Just Want to Buy Me a Coffee?

Check out the rest of this tutorial series!

  • Megatiler 1 - Tiles
  • Megatiler 2 - Spawning the Player
  • Megatiler 3 - Tile Movement (Part 1)
  • Megatiler 4 - Tile Movement (Part 2)
  • Get Words in Your Inbox!

    Be oldschool and sign up for my newsletter to get updates! Just enter your email address, prove you're not part of Skynet and you're good to go!

    Powered by CleverReach. I will not send you spam or sell/give your email address to someone else.  You can of course unsubscribe at any time. By clicking the subscribe button above, you confirm that you have read and agreed to our privacy policy.

    By using the Disqus service you confirm that you have read and agreed to the privacy policy.

    comments powered by Disqus

    Related Posts

    HaxeFlixel Tutorials!

    If you’ve popped over to the tutorial section recently you might have noticed that I’ve added my very first HaxeFlixel tutorial! It shows how to implement a simple, pixel-perfect 2D water shader which I used for Go! Go! PogoGirl. But a few of you might be wondering what a HaxeFlixel is. Well, it’s a 2D game framework that is as powerful as it is underrated! It runs on the (also underrated) Haxe language, is extremely well documented, open source, and has built-in functions for almost anything you’d need.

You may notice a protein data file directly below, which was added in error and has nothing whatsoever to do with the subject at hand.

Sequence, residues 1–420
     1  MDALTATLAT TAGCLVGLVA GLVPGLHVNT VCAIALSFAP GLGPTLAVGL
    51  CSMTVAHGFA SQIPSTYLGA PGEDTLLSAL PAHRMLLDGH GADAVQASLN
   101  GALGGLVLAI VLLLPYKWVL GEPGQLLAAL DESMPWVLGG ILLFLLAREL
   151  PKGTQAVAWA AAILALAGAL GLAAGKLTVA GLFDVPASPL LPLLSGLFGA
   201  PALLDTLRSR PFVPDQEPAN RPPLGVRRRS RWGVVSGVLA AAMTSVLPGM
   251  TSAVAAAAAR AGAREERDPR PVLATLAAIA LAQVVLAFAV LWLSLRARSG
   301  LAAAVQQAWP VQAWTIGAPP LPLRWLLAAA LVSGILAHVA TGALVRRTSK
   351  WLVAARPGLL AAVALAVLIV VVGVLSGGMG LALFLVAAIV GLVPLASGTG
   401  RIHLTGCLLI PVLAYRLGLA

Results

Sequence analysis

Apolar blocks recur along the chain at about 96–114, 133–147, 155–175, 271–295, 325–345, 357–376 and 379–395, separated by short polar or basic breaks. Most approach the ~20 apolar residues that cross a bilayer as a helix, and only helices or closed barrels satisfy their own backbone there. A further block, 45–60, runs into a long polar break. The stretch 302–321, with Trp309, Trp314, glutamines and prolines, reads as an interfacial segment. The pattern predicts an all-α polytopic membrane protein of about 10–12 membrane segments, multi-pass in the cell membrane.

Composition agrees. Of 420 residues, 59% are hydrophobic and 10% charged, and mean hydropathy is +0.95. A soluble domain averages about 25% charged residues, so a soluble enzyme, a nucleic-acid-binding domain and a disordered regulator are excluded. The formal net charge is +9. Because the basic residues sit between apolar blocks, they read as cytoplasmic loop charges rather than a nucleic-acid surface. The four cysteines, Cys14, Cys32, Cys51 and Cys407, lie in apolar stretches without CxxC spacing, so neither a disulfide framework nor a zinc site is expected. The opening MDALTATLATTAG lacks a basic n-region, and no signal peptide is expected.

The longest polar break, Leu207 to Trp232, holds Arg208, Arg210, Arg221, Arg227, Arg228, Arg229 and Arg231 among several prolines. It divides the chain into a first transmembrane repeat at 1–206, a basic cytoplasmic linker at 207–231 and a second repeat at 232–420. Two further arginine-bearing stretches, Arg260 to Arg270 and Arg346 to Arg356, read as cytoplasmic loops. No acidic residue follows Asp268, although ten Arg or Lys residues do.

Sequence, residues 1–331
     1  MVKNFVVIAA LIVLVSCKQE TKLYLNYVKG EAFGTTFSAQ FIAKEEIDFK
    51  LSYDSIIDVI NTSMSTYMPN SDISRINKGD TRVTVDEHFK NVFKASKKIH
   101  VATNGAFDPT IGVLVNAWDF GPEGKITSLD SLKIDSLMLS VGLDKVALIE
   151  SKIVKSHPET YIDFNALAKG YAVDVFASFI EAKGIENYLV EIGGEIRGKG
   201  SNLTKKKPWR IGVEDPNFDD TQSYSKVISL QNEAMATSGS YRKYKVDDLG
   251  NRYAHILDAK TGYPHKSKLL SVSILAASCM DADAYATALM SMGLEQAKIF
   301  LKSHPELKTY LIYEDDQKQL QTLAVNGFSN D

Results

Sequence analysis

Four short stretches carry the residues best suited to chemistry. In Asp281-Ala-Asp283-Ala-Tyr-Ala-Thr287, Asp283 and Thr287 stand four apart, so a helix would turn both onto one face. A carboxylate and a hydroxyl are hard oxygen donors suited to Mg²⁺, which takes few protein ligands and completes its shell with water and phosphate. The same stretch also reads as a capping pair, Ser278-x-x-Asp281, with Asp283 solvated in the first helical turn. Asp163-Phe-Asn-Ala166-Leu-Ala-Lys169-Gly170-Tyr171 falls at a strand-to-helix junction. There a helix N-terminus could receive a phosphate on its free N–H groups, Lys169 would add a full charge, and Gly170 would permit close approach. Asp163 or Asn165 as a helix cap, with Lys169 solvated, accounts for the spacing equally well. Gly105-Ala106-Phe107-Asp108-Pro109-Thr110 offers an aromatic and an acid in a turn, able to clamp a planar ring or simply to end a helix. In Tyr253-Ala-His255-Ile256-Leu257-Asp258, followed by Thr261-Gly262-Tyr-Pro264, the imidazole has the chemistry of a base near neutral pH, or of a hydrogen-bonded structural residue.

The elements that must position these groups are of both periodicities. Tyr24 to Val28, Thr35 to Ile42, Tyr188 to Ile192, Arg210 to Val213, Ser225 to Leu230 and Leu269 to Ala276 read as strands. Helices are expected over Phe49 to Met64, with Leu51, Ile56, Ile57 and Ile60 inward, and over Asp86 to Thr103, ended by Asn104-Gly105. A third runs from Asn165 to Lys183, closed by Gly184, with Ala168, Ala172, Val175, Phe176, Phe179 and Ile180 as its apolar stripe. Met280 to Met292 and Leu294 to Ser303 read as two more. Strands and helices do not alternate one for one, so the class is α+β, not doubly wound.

Read More

    Streets of Was

    As I’m sure many of you will remember, the original Streets of Rage for the Mega Drive had multiple endings. The real canonical ending has you beat the crap out of Mr. X, thereby ending his reign of terror forever (yeah, right). However, if you confronted Mr. X with a buddy in tow, a new possible path unlocked. A quick refresher is in order. When you confront Mr. X he will ask you to join his organization.
    Read More

    Streets of Rage 2 Design Docs

    A few years ago, Yuzo Koshiro posted a pile of old game design documents for Bare Knuckle 2 aka Streets of Rage 2 on the Ancient blog to commemorate the release of Streets of Rage 2 3D on the Nintendo 3DS. These documents gave a deep insight into the game’s inner workings, technical aspects, designs and even some cut content. They were an awesome resource for one of the most awesome games ever created.

    Read More